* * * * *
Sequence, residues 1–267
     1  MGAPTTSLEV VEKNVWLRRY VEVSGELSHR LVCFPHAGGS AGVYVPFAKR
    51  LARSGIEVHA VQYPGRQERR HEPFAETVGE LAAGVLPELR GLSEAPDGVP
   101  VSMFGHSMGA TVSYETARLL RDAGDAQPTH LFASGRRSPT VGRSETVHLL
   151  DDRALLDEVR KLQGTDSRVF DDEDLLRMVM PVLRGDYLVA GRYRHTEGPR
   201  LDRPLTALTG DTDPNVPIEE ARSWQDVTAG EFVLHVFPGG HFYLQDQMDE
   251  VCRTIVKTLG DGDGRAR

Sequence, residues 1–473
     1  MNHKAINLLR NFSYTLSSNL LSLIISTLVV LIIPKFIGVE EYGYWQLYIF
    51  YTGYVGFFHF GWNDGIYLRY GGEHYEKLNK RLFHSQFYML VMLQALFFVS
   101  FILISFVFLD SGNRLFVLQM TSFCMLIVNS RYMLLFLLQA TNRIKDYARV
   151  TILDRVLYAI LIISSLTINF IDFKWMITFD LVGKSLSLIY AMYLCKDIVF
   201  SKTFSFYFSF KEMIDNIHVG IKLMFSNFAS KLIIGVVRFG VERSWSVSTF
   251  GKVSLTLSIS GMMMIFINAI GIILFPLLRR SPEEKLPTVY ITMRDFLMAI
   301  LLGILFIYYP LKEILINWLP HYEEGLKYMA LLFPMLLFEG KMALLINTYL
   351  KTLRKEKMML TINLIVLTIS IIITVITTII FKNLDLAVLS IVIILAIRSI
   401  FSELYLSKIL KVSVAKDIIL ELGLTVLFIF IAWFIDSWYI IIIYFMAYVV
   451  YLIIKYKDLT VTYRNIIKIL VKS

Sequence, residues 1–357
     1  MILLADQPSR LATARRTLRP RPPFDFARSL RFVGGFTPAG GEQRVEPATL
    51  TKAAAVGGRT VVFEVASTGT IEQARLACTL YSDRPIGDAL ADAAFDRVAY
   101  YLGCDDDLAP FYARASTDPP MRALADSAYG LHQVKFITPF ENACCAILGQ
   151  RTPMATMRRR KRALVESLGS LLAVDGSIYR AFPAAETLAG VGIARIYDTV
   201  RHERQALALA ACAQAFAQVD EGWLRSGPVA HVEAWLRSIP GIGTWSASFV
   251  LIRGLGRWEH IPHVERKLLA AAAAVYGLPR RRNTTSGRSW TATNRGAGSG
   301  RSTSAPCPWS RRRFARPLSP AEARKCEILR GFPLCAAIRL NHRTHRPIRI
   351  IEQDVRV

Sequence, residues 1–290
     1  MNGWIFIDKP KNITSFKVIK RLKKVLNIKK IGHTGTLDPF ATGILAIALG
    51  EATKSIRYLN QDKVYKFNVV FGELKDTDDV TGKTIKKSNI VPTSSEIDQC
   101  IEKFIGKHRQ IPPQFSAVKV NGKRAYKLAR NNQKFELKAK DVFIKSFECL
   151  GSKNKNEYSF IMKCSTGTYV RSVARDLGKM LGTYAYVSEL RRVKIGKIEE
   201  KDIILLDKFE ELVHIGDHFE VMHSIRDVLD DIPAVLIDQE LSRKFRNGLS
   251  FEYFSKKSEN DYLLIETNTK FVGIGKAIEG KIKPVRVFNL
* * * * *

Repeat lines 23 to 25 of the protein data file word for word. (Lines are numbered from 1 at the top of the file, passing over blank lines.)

   151  RTPMATMRRR KRALVESLGS LLAVDGSIYR AFPAAETLAG VGIARIYDTV
   201  RHERQALALA ACAQAFAQVD EGWLRSGPVA HVEAWLRSIP GIGTWSASFV
   251  LIRGLGRWEH IPHVERKLLA AAAAVYGLPR RRNTTSGRSW TATNRGAGSG